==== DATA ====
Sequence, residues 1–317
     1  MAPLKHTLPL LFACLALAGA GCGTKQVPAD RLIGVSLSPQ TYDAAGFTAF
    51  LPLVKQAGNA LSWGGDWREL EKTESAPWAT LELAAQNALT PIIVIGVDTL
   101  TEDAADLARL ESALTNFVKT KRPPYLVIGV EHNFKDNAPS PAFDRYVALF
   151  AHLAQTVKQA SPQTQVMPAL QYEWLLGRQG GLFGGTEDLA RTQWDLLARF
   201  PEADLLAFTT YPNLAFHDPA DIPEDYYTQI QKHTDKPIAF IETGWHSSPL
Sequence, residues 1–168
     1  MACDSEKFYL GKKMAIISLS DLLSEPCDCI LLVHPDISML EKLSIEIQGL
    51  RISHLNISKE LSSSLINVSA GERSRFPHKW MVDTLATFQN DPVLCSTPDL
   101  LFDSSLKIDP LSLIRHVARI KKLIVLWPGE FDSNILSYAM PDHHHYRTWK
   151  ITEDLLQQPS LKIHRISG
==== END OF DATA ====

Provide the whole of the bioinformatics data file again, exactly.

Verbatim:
Sequence, residues 1–317
     1  MAPLKHTLPL LFACLALAGA GCGTKQVPAD RLIGVSLSPQ TYDAAGFTAF
    51  LPLVKQAGNA LSWGGDWREL EKTESAPWAT LELAAQNALT PIIVIGVDTL
   101  TEDAADLARL ESALTNFVKT KRPPYLVIGV EHNFKDNAPS PAFDRYVALF
   151  AHLAQTVKQA SPQTQVMPAL QYEWLLGRQG GLFGGTEDLA RTQWDLLARF
   201  PEADLLAFTT YPNLAFHDPA DIPEDYYTQI QKHTDKPIAF IETGWHSSPL
Sequence, residues 1–168
     1  MACDSEKFYL GKKMAIISLS DLLSEPCDCI LLVHPDISML EKLSIEIQGL
    51  RISHLNISKE LSSSLINVSA GERSRFPHKW MVDTLATFQN DPVLCSTPDL
   101  LFDSSLKIDP LSLIRHVARI KKLIVLWPGE FDSNILSYAM PDHHHYRTWK
   151  ITEDLLQQPS LKIHRISG